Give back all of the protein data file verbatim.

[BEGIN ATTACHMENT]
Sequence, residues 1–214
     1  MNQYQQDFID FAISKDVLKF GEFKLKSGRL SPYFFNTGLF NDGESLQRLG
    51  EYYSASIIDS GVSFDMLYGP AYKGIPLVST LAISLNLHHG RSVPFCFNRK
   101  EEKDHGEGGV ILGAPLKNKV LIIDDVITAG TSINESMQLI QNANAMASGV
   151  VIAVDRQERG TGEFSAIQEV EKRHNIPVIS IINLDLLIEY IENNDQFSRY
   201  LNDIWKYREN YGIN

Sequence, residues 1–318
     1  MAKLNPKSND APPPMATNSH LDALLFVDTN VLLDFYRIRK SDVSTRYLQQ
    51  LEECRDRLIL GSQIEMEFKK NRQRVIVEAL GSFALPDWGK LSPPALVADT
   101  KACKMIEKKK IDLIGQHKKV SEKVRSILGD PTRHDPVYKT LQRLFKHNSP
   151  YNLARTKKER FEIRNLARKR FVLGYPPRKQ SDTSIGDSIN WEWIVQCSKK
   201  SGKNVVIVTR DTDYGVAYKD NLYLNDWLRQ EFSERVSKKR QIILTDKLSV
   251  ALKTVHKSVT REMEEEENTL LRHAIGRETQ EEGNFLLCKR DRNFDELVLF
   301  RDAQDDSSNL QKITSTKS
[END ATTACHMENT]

Sequence, residues 1–214
     1  MNQYQQDFID FAISKDVLKF GEFKLKSGRL SPYFFNTGLF NDGESLQRLG
    51  EYYSASIIDS GVSFDMLYGP AYKGIPLVST LAISLNLHHG RSVPFCFNRK
   101  EEKDHGEGGV ILGAPLKNKV LIIDDVITAG TSINESMQLI QNANAMASGV
   151  VIAVDRQERG TGEFSAIQEV EKRHNIPVIS IINLDLLIEY IENNDQFSRY
   201  LNDIWKYREN YGIN

Sequence, residues 1–318
     1  MAKLNPKSND APPPMATNSH LDALLFVDTN VLLDFYRIRK SDVSTRYLQQ
    51  LEECRDRLIL GSQIEMEFKK NRQRVIVEAL GSFALPDWGK LSPPALVADT
   101  KACKMIEKKK IDLIGQHKKV SEKVRSILGD PTRHDPVYKT LQRLFKHNSP
   151  YNLARTKKER FEIRNLARKR FVLGYPPRKQ SDTSIGDSIN WEWIVQCSKK
   201  SGKNVVIVTR DTDYGVAYKD NLYLNDWLRQ EFSERVSKKR QIILTDKLSV
   251  ALKTVHKSVT REMEEEENTL LRHAIGRETQ EEGNFLLCKR DRNFDELVLF
   301  RDAQDDSSNL QKITSTKS